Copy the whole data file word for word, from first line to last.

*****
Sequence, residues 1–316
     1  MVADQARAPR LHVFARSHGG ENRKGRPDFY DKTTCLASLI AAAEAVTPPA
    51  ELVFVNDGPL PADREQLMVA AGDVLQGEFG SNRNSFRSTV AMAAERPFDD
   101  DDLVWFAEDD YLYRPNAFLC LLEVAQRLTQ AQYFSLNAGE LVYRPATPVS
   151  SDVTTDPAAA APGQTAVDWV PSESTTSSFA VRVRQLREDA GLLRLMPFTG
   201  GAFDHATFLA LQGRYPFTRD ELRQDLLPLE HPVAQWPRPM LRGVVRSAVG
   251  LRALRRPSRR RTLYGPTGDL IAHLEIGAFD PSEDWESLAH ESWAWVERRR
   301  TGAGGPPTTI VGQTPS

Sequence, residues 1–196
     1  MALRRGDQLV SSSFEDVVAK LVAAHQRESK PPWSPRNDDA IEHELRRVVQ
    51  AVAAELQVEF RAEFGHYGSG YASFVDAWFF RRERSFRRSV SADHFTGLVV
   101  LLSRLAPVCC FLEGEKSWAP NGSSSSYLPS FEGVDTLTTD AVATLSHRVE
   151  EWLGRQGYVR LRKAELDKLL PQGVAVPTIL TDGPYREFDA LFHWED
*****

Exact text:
Sequence, residues 1–316
     1  MVADQARAPR LHVFARSHGG ENRKGRPDFY DKTTCLASLI AAAEAVTPPA
    51  ELVFVNDGPL PADREQLMVA AGDVLQGEFG SNRNSFRSTV AMAAERPFDD
   101  DDLVWFAEDD YLYRPNAFLC LLEVAQRLTQ AQYFSLNAGE LVYRPATPVS
   151  SDVTTDPAAA APGQTAVDWV PSESTTSSFA VRVRQLREDA GLLRLMPFTG
   201  GAFDHATFLA LQGRYPFTRD ELRQDLLPLE HPVAQWPRPM LRGVVRSAVG
   251  LRALRRPSRR RTLYGPTGDL IAHLEIGAFD PSEDWESLAH ESWAWVERRR
   301  TGAGGPPTTI VGQTPS

Sequence, residues 1–196
     1  MALRRGDQLV SSSFEDVVAK LVAAHQRESK PPWSPRNDDA IEHELRRVVQ
    51  AVAAELQVEF RAEFGHYGSG YASFVDAWFF RRERSFRRSV SADHFTGLVV
   101  LLSRLAPVCC FLEGEKSWAP NGSSSSYLPS FEGVDTLTTD AVATLSHRVE
   151  EWLGRQGYVR LRKAELDKLL PQGVAVPTIL TDGPYREFDA LFHWED